“The feeling is unreal.”
That’s how Jason Gendron described the sight of a wildfire burning as northern lights flashed across the sky at a spot about 40 minutes south of Whitehorse, Yukon on Tuesday night.
“You’re sitting there, there’s complete silence, complete darkness and you’re watching this unfold in front of your eyes,” the photographer told Global News.
Coverage of wildfires on Globalnews.ca:
Gendron, who lives in Whitehorse, doesn’t make his living snapping shots. The sporting goods store manager takes photos as a hobby, and he put plenty of work into capturing this spectacular time-lapse.
The Windy Arm fire, which was sparked by lightning on Aug. 6, has been burning about 12 km southeast of Carcross ever since, according to CHON FM 98.1.
Gendron had noticed that the aurora forecast for Tuesday night looked promising, so he packed up his equipment and arrived at the spot at about 10:30 p.m.
He started taking pictures, but with the moon still in the sky, it was too bright to see the northern lights.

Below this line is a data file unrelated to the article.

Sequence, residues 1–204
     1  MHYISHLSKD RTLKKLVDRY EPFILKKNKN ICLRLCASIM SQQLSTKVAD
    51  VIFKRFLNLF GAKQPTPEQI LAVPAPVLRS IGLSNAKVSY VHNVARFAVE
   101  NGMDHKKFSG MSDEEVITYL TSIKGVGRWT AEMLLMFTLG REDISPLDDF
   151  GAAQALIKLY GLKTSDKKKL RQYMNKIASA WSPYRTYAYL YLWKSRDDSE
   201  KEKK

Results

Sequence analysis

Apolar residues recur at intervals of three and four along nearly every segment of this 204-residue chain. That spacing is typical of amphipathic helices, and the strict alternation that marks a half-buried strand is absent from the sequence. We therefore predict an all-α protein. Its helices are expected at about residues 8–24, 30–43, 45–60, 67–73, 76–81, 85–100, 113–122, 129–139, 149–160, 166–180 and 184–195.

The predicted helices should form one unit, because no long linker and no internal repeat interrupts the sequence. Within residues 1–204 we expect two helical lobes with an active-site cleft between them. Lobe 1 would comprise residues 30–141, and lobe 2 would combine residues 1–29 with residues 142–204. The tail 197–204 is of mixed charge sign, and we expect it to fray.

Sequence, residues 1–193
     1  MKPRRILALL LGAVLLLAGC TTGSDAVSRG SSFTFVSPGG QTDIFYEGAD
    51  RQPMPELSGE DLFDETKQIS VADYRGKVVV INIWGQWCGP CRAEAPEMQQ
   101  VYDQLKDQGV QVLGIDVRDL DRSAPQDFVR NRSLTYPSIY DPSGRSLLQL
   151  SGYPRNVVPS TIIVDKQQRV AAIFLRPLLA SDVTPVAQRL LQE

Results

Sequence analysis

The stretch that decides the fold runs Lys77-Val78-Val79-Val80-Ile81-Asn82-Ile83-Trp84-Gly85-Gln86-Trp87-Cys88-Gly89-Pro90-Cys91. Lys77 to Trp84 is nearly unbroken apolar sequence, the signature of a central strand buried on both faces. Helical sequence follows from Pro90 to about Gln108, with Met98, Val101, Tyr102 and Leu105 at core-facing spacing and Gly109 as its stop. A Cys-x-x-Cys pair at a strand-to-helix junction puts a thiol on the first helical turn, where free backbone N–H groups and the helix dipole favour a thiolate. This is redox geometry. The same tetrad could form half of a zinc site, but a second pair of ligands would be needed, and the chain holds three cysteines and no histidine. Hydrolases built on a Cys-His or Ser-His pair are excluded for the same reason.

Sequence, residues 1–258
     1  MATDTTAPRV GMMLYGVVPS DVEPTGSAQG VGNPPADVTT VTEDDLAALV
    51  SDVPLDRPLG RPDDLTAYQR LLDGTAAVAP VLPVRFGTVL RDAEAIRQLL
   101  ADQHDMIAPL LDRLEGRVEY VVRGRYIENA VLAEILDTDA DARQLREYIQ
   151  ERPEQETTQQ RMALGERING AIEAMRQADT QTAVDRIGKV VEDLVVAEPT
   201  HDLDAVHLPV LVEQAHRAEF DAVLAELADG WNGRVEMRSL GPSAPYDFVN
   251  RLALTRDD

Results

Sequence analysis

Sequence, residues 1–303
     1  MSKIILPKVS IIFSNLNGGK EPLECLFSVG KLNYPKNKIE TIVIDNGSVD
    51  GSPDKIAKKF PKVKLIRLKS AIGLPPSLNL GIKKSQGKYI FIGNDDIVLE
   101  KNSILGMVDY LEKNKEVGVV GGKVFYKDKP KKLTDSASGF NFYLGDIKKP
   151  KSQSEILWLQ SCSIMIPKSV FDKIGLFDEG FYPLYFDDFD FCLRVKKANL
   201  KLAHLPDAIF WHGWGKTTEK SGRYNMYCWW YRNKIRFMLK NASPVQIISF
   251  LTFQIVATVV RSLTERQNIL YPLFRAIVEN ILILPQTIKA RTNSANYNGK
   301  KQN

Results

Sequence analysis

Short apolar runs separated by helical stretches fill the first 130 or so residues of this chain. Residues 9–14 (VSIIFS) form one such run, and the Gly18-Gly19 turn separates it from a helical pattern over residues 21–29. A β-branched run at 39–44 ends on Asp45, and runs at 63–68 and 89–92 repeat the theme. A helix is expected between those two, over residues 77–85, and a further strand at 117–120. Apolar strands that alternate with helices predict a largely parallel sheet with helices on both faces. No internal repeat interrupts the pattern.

So he waited three hours for the moon to set behind the mountain.
He took a few shots, but none were what he was after.
So he tried a time-lapse, taking 38 minutes of individual shots to make a sequence that was eight seconds long.
“I knew if I took a time-lapse, I could see flareups,” Gendron said.
The result was a stunning series of images that came amid an active wildfire season up and down the West Coast of North America.
“I knew what it was going to look like on the camera,” Gendron said.
“But as well as seeing it in front of me, it was pretty amazing.”